Other payment methods or card schemes like PIN-debit cards here in the U.S. can’t use EMVCo network tokenization. Lastly, network tokenization asks for everyone to make updates to their ISO 8583 protocols, a messaging format designed for point-of-sale and ATM transactions, not e-commerce. Banking is migrating to a newer messaging format, for PSD2 and open banking, ISO20022 uses more modern UML formatted objects… which says a lot about how quickly the finance industry moves.
While a bit dated, Susan Pandy and Marianne Crowe of the Boston Fed have one of my favorite primers on network tokenization (dated 2018).
What is the Industry Roadmap for Network Tokenization?
The comment period for the EMVCo 2.2 specification just finished in September 2020. It refines some new concepts that are integral for portability such as the concept of Payment Tokenization Aggregators who can enable multiple parties to share privileges on initiating a payment transaction on a payment token. Because those changes were more aesthetic than the material from the 2.1 framework, I see it as a signal that onboarding these solutions is now the priority, and it’s now less about defining what network tokenization should do.
Processors, fintechs, and acquirers that intend on handling network tokens need to develop and certify their token programs through EMVCo owner certifications such as Visa Token Services or Mastercard Digital Enablement Services. They also need to update their ISO 8583 message formats to add new fields. A couple of fields that prominently stand out to me are:
- Payment Account Reference. Since each network token is unique for each transaction, network tokens need a number to tie all the possible transactions back to the same payment card. The Payment Account Reference can’t be used to initiate network token transactions on its own.
- Token Requestor ID. A token requestor is the entity that procures the network token from the token service provider. Visa token requestors are a part of the Visa Token Services program. Mastercard has Mastercard Digital Enablement Services for the same role. Token requestors are the ones who implement the card scheme-specific token APIs and are the ones who register and comply with TSP requirements. Netflix is a token requestor and has its own Token_Requestor_ID, but they’re a wild exception to the rule. Most token requestors are PSPs and fintechs.
How will e-commerce evolve over the next few years, especially when it comes to securing and authenticating payments?
EMVCo is driving the industry towards Secure Remote Commerce, or as you may have seen “Click to Pay.” Using 3D-Secure 2 to authenticate the cardholder and provisioning a network token back to the merchant, Click to Pay has been sold as the means to simplify the checkout page in a secure manner through a one-click process. But, for Click to Pay to work seamlessly, 3D-Secure and network tokens need to meet the same seamless sales pitch.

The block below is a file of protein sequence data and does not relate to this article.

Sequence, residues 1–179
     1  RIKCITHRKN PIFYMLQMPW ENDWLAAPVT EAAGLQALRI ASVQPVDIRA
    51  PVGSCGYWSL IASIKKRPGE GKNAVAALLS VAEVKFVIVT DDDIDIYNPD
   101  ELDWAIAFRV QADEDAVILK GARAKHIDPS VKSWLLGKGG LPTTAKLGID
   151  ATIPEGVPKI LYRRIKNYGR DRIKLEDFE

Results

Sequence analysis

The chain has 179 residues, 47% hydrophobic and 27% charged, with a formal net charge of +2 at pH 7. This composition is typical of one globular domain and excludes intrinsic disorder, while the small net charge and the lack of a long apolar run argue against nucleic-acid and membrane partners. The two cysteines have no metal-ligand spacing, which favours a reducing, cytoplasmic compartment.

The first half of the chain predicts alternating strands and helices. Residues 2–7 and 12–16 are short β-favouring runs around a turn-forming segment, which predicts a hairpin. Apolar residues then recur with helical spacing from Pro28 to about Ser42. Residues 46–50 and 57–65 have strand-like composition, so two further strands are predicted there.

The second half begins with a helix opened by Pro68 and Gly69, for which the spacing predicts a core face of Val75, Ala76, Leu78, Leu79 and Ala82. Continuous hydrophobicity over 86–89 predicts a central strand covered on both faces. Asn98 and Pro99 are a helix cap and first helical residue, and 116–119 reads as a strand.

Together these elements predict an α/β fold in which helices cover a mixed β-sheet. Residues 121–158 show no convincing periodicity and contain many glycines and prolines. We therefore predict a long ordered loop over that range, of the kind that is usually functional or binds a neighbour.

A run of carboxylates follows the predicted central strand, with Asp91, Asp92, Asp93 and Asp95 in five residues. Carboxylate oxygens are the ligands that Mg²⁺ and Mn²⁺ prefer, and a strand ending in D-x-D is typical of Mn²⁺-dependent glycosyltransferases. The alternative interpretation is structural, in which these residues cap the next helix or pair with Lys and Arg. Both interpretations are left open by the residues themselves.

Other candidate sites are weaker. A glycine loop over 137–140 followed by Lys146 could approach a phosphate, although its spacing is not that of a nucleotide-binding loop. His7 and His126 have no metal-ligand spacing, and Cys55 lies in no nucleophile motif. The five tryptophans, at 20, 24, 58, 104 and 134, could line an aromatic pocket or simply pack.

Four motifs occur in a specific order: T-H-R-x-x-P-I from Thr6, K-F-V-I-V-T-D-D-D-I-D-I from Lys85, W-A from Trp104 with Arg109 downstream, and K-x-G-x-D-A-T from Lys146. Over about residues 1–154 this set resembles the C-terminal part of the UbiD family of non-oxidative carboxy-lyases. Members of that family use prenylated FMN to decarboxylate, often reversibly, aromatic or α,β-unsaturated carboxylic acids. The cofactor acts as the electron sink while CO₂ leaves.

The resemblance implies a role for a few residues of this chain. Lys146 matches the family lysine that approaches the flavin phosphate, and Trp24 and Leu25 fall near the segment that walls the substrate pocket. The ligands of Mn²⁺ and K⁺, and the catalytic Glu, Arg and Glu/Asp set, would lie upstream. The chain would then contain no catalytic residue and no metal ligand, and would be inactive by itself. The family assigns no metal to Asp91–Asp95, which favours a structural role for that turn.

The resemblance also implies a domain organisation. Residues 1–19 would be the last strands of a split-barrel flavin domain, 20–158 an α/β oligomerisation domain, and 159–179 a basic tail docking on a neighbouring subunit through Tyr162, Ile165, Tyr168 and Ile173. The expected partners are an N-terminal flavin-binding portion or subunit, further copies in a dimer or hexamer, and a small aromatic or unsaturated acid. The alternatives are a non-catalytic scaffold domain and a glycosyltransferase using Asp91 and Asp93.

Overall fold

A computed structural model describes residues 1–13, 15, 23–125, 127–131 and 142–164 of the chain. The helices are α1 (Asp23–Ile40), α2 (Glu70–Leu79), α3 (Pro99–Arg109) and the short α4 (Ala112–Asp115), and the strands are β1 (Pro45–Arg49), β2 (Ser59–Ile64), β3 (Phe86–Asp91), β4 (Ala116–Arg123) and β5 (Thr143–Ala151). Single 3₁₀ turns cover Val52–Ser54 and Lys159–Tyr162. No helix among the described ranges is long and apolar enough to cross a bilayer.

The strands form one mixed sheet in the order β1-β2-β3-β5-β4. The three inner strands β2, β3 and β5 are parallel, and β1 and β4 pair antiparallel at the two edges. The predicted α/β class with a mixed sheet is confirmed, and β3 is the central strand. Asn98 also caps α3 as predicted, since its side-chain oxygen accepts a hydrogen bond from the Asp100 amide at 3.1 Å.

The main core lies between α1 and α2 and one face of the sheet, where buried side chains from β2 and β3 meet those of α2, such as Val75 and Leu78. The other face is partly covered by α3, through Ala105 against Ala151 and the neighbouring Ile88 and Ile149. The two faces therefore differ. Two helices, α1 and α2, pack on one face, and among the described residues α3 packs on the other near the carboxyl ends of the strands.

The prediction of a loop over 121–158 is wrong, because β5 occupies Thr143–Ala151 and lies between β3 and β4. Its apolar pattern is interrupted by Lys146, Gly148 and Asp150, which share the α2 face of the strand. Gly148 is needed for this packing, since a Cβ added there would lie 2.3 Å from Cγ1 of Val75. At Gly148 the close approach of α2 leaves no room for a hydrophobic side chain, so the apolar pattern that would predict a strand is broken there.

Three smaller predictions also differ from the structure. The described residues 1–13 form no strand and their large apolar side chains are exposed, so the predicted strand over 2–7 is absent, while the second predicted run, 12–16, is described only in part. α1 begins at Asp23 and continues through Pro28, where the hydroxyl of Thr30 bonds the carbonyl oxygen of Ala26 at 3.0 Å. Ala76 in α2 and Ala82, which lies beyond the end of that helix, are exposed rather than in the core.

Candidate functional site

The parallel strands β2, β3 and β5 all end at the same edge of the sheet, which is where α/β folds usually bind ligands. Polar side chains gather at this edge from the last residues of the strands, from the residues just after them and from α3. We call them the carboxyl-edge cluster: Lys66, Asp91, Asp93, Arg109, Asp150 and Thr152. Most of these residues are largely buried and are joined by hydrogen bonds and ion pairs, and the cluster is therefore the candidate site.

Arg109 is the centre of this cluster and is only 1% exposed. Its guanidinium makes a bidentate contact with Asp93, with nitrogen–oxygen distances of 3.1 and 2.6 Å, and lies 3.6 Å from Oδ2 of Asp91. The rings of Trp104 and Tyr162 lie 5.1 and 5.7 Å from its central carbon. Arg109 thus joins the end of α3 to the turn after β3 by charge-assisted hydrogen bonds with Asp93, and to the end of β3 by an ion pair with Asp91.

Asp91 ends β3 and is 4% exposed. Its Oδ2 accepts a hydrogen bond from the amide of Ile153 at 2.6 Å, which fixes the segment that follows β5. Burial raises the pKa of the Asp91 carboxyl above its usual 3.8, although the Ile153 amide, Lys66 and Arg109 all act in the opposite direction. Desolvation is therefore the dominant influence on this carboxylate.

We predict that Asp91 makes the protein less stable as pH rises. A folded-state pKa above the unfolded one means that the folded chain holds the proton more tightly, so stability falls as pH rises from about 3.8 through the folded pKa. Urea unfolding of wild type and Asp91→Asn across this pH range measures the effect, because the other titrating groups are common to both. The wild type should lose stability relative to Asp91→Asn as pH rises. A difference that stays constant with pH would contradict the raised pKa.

For authentication, Strong Customer Authentication is driving a lot of progress, albeit haphazardly. I personally have a lot of interest in the developments from the FIDO Alliance around how customers can be authenticated through behavioral biometrics as proof of inherence without any Personal information leaving the secure element of a smartphone. As for securing payments, we are already seeing the tokenization of tokens. A merchant’s ERP or CRM doesn’t want to or need to handle multiple token types depending on the payment method, processor, or card type a customer uses. Each of these different formats already needs to get standardized for back-office analysis anyways.
History now repeats itself. PSP tokens locked merchants into specific ecosystems and restricted them from pursuing multi-acquiring strategies. While network tokens provide more value than processor tokens, they still give PSPs the means to lock customers into their service since a payment token transaction still requires the same token requestor ID to initiate. Enterprise merchants are going to continue to find ways to subvert such lock-in to maintain resiliency and enter markets that their providers don’t service.
How would you suggest that merchants should implement Network Tokenization and what problems do you think it will solve?
I wouldn’t advise that any other merchant become a token requester as Netflix did. But merchants do need to tokenize and they do need a common token format to pass through the rest of their stack, regardless of issuer or payment method. This is where I think payment orchestration provides a means forward. When possible, the merchant should still capture and store the PAN (like any other PCI token) and provide a universal token ID back to the merchant for all the other reasons why a payment credential is linked to a customer account.